Monday, April 14, 2014

Questioned Answered By Ella Smith for School Board

What experience do you bring to the job and what is your motivation to serve as a school board member?

With 34 years of experience as a special education, biology, and health and physical education teacher, I possess a vast amount of knowledge regarding the inner workings of our schools. I have a B.S. in Health and PE, a master’s degree in Curriculum and Instruction, and an Ed.S. in Educational Administration.
 As an advocate for change in the DeKalb County School System, I have been actively involved for over 16 years as a parent, teacher and stakeholder.  My year of experience as an educator and an advocate, coupled with my deep love for DeKalb, motivates me to make the DeKalb County School System the top school system in Georgia.

If elected, what would be your three (3) top policy priorities and how would you work to achieve results?

My top priority is to provide each child in DeKalb County with the opportunity for a 21st century education.  Better enforced discipline policies, quality teachers, and learning community opportunities are essential.

My second priority is to work with other school board members to assure full dual accreditation of our school system.

My third priority is to improve communication with all stakeholder groups in DeKalb County.  I would encourage the school superintendent, principals, and staff to communicate and demonstrate to all stakeholder groups that the success of the public school system is a shared responsibility and that input from parents, students, teachers, and business leaders is necessary for success.

In your opinion, what is the single biggest weakness in your school system and what will you do while in office to address it?

The single biggest weakness I see involves the financial responsibility of the DeKalb County School System.  There is too much money spent on administration and busing our children all over the county.  As a school board member, I will advocate the need to restructure the county office, stop spending millions of dollars busing our children, and make sure money is put back into our classrooms to provide every child in DeKalb County with an optimal learning environment.
If elected, which of the 17 pathways being developed by the Department of Education would you support putting in your district school and why?
The Georgia Department of Education (DOE) has developed 56+ Career Pathways in areas of Career and Technical Education in preparation for a seamless transition from high school to post secondary training at a college or technical school. As a school board member I will encourage strengthening our technical schools in the north and south sides of the county in order to offer each strand that is currently not offered in the high schools. I would encourage the school superintendent to work closely with the DeKalb Technical College to enable our high school students to take strands of classes through programs like joint enrolment and “Move on When Ready.” I would encourage the school superintendent to have strong Science, Math, Technology, and Work-Based Programs in every high school in DeKalb County.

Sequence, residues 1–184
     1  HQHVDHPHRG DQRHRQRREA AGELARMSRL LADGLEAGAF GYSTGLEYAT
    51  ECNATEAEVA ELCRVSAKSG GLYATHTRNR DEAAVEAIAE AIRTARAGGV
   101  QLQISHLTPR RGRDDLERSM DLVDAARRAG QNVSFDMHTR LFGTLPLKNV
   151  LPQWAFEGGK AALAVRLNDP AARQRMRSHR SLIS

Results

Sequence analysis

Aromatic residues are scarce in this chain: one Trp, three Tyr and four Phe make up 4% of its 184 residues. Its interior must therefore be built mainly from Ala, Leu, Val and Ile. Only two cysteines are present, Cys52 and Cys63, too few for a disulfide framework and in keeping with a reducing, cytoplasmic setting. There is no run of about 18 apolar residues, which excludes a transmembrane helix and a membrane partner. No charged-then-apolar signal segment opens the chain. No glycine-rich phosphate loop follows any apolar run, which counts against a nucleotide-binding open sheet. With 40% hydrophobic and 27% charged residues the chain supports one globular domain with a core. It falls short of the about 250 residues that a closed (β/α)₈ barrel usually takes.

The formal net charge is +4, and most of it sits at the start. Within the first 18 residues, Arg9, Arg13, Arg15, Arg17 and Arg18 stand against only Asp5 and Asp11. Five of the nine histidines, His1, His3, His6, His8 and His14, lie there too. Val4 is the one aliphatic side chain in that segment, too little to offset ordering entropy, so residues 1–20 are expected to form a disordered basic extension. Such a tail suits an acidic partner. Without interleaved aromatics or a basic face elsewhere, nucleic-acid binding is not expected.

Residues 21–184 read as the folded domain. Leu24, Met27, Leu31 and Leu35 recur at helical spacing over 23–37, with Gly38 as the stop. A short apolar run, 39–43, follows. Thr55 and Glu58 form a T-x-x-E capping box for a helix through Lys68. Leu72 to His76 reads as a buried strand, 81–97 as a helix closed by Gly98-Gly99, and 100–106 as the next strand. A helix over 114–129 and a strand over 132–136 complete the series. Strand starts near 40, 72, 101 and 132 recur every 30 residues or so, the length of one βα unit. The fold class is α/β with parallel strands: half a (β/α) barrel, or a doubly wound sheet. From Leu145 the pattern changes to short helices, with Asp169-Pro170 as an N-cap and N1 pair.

Which educational reform idea do you believe has the most promise for your school system?

 Taxpayers have invested considerable resources in the DeKalb County Schools.  Ever-increasing funding of Education has not led to improved student performance.  Federal, state, and school board policymakers should implement educational reform designed to improve resource allocation to the classroom, instead of simply increasing funding for public education. Teacher involvement will improve this resource allocation and in turn boost students’ performance.

What is the appropriate relationship between the state and local communities regarding their contribution to school funding?
It is important that the relationship between the state and local communities continue to stay positive.  However, in DeKalb County there is dissatisfaction with the current series of formulas established by the 1986 Quality Basic Education Act.  Now is the opportunity for the state policymakers to re-evaluate the state’s approach to funding and reform its financial system so that it gives all school systems the funding they need, and to provide positive incentives for districts and schools to spend smarter and gain better achievement outcomes.


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